As early as pre-school, many of us were told that breakfast was important for a healthy diet. A nutrient-rich and well-balanced morning meal would give us the boost we needed to have the best day possible. As we got older, we were told that this same breakfast would help us lose weight, keep off unwanted pounds and maintain a healthy lifestyle. Was breakfast not that important all along?
It might be going overboard to say that skipping breakfast is the way to go all the time, but University of Alabama at Birmingham (UAB) researchers have found that tying weight loss together with breakfast may be unnecessary. The study, published in the American Journal of Clinical Nutrition, found that individuals who were attempting to lose weight were no less successful when they skipped breakfast than those who ate it.
Breakfast Study and Its Influence on the Future of Dieting
UAB weight loss experts split a group of a little more than 300 healthy, but overweight and obese adults, into three sub-groups: breakfast eaters, non-eaters and a group of both that received nutrition advice that never mentioned breakfast. These individuals spent the next 16 weeks fulfilling their roles, and in the end, weight loss was not affected by missing or eating breakfast.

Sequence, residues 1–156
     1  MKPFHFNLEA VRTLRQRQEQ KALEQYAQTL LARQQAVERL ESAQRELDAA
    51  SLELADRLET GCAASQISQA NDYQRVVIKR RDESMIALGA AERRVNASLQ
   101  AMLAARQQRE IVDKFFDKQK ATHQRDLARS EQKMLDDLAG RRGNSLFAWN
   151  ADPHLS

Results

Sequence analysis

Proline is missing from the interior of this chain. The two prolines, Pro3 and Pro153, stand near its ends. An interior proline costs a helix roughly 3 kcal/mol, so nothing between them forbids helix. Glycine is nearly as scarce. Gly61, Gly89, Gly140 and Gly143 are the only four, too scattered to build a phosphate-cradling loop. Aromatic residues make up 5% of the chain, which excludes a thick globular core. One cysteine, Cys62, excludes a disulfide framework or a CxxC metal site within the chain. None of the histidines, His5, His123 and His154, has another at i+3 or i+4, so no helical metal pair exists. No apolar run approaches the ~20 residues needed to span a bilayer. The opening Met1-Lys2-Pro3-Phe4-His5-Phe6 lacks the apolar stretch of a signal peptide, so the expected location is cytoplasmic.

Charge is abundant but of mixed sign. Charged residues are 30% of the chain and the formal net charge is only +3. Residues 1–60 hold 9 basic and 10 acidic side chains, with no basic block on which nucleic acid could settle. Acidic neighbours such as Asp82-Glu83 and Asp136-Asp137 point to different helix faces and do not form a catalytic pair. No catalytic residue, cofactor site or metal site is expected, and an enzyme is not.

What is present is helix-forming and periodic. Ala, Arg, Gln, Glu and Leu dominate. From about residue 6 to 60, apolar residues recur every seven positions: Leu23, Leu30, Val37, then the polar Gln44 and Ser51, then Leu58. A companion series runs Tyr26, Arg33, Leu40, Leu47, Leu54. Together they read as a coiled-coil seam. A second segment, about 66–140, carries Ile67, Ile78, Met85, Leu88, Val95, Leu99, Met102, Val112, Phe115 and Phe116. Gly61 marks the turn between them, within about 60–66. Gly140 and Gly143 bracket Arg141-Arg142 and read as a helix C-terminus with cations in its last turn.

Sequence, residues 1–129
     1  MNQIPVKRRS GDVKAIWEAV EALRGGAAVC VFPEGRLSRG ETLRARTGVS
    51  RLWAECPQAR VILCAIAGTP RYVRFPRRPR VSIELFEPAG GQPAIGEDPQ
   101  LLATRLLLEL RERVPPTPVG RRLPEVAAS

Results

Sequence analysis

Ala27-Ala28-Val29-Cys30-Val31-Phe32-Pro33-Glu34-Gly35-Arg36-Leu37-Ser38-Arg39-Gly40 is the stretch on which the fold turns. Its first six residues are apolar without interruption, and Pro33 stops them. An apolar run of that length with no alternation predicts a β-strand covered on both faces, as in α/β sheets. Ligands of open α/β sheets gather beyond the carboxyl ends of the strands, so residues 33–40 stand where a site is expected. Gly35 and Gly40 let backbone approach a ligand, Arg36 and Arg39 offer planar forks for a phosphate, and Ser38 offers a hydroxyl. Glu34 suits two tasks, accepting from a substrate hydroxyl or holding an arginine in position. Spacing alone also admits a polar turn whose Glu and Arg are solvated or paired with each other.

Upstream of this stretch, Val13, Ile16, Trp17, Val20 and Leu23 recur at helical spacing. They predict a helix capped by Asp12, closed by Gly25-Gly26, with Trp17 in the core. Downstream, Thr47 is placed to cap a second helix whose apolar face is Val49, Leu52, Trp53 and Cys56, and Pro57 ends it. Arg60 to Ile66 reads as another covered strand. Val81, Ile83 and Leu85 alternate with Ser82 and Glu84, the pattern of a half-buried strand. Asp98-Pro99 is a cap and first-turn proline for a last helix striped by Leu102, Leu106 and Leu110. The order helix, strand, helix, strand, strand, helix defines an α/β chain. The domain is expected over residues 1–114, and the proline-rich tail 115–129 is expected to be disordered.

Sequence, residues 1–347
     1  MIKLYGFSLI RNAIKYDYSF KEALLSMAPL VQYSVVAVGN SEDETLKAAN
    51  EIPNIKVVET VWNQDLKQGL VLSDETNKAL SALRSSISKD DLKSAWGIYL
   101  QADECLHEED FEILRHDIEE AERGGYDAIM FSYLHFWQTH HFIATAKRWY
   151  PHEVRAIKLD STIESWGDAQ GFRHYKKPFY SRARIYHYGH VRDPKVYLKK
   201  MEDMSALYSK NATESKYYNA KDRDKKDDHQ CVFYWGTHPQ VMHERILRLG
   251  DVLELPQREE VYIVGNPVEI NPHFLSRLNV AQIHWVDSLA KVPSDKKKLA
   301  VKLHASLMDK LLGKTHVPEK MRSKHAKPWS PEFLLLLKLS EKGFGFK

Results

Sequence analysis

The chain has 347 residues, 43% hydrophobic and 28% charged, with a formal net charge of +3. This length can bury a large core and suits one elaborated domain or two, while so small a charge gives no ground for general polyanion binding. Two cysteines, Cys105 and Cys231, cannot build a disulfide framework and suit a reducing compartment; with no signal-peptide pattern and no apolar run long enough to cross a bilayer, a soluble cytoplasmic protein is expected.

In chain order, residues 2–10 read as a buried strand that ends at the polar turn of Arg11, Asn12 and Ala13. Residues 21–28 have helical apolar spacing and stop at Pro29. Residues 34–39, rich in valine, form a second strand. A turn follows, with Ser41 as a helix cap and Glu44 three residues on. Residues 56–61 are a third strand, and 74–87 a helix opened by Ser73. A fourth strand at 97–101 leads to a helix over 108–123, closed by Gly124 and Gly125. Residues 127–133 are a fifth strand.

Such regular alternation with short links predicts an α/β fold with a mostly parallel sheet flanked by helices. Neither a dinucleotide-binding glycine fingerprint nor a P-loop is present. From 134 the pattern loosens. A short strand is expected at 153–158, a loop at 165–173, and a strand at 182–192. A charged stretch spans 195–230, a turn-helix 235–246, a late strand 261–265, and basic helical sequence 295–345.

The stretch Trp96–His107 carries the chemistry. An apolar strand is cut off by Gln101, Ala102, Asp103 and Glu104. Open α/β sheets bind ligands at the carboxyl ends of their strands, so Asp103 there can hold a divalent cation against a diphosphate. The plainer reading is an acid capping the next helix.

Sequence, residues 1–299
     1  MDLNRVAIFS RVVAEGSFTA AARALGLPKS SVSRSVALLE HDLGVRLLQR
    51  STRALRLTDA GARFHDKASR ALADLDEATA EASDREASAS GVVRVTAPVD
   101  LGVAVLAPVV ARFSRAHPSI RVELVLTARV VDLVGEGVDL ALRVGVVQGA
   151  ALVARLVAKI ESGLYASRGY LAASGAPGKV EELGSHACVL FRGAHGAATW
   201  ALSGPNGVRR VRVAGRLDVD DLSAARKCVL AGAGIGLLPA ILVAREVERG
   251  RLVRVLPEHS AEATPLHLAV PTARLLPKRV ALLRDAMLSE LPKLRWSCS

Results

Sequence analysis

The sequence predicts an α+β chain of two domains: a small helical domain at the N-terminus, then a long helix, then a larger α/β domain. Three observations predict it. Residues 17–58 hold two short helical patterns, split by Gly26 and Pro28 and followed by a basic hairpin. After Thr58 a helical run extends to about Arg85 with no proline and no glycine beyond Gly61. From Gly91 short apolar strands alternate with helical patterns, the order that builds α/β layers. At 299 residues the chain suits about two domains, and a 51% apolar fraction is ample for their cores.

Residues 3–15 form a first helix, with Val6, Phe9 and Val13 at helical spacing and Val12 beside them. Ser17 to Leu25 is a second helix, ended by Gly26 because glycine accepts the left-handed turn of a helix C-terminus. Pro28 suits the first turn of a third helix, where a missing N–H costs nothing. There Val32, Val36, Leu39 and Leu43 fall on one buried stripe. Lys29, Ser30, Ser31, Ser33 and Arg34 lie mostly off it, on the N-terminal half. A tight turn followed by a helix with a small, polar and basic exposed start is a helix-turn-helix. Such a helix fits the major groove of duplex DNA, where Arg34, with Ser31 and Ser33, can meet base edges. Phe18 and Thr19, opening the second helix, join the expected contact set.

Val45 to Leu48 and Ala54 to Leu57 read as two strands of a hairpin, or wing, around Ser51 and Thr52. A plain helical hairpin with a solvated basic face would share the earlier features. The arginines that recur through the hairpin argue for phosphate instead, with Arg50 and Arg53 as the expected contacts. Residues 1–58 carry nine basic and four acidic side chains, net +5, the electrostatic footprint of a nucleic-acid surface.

The researchers hope this study can continue the ongoing conversation concerning what really matters when people are trying to lose weight. There are certain standards we believe to be true for our dieting needs, and for the longest, breakfast has been seen as critical. This follows other recent studies that question gluten-free diets, give pause on the consumption of red wine, endorse the benefits of a daily coffee and the promotion of pizza for every meal (okay, maybe the last one was more wishful thinking than anything — however, there was a time when pizza was viewed as the perfect solution to fulfilling food pyramid requirements).
Before you throw out all of your breakfast items and swear off the “most important meal of the day,” you may want to review what other researchers report on the subject. Plus, the findings relate to dieting, so if you are pleased with your weight, then you may not have to say goodbye to Tony the Tiger, Mrs. Butterworth and the rest of the breakfast gang!